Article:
Canadian Uncorrected Refractive Error Study (CURES)

Dates: 2008 - Ongoing
Principal Investigator: Dr. Barbara Robinson, School of Optometry, University of Waterloo
Co-Investigators: Drs. Yunwei Feng, Craig Woods and Des Fonn, School of Optometry, University of Waterloo; and Drs. Deborah Gold and Keith Gordon, CNIB.
Funders: CNIB Research Grants and Fellowships Program, Essilor Canada, Canadian Association of Optometrists and COETF, New Brunswick Association of Optometrists, Quebec Association of Optometrists (Fondation Quebecoise pour la sante visuelle), Alberta Association of Optometrists, Saskatchewan Association of Optometrists. In kind contributions provided by the CCLR (UW) and CNIB. Equipment loaned by Innova Medical Ophthalmics.
Contact:Barbara Robinson, robinson@sciborg.uwaterloo.ca
Research Administration Coordinator, CNIB Research, Tel: 416-486-2500 x7622 Email: research@cnib.ca

Uncorrected refractive error is the leading cause of visual impairment in the world. In Canada there are potentially 2 million people with visual impairment that could be corrected by simply wearing glasses or contact lenses. This number will double in the next 20 years due to Canada’s rapidly ageing population. Visual impairment can seriously affect quality of life. People with vision problems are more likely to fall, have a higher risk of fractures and other injuries, and they may be more likely to limit or stop driving. Visual impairment is also an independent risk factor for increased mortality in older persons.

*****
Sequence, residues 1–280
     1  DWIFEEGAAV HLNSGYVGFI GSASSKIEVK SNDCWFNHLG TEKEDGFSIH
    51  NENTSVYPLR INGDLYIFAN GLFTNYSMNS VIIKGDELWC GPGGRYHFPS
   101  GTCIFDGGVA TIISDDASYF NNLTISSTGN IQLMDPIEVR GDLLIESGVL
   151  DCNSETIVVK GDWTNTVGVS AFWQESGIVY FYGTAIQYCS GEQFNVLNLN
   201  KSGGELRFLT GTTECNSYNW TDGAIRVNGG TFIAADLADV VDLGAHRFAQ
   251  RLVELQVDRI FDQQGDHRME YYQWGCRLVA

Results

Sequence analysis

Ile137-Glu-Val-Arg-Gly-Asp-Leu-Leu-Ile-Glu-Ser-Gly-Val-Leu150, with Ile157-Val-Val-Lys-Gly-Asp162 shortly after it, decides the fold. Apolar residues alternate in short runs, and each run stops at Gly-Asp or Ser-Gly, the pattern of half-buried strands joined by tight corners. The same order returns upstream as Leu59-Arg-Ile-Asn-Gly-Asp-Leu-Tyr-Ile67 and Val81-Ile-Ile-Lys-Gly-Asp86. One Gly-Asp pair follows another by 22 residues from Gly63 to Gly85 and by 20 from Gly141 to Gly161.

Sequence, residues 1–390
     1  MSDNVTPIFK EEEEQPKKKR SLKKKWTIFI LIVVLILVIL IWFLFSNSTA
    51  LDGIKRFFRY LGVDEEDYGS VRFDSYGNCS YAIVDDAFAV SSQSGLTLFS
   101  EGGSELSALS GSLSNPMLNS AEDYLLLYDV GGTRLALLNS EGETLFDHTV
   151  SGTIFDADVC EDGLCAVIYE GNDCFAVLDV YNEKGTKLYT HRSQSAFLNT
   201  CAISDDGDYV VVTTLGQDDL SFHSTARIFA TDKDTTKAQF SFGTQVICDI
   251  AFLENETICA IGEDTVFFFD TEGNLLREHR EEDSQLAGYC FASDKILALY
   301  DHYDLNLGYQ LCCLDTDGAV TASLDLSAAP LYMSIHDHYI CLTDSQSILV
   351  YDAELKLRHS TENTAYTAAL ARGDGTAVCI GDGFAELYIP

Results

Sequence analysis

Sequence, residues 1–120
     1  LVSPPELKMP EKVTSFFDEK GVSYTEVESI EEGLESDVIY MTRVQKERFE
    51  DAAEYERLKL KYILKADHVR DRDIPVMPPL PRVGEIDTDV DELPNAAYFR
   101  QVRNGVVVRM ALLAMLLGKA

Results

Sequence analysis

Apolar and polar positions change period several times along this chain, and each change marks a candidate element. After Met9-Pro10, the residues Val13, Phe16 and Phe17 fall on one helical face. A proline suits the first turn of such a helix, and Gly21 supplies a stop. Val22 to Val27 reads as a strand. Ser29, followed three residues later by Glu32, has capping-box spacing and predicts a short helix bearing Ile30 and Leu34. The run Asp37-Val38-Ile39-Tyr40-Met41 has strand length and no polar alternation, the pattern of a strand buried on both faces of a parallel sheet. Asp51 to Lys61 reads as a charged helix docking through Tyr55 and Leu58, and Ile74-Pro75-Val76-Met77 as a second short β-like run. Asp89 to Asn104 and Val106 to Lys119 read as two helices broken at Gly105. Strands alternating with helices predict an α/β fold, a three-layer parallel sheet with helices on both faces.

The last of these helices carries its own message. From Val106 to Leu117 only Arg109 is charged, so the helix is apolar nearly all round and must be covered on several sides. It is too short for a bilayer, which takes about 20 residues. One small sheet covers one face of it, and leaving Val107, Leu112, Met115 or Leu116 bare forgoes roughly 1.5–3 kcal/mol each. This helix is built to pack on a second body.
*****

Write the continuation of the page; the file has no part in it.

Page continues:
There is currently no data available on the prevalence of visual impairment or uncorrected refractive error in Canada.

This study will provide for the first time a population-based estimate of the prevalence of visual impairment and blindness in Canada. It will look at the magnitude and distribution of vision loss. It will identify how many people have correctable versus uncorrectable visual impairment. It will both quantify and qualify the burden of vision loss.

This proposal project represents a collaboration of researchers from the CNIB and the School of Optometry, University of Waterloo. This study will provide for the first time a population-based estimate of the prevalence of visual impairment and blindness in Canada. It will look at the magnitude and distribution of vision loss. It will identify how many people have correctable versus uncorrectable visual impairment. It will both quantify and qualify the burden of vision loss.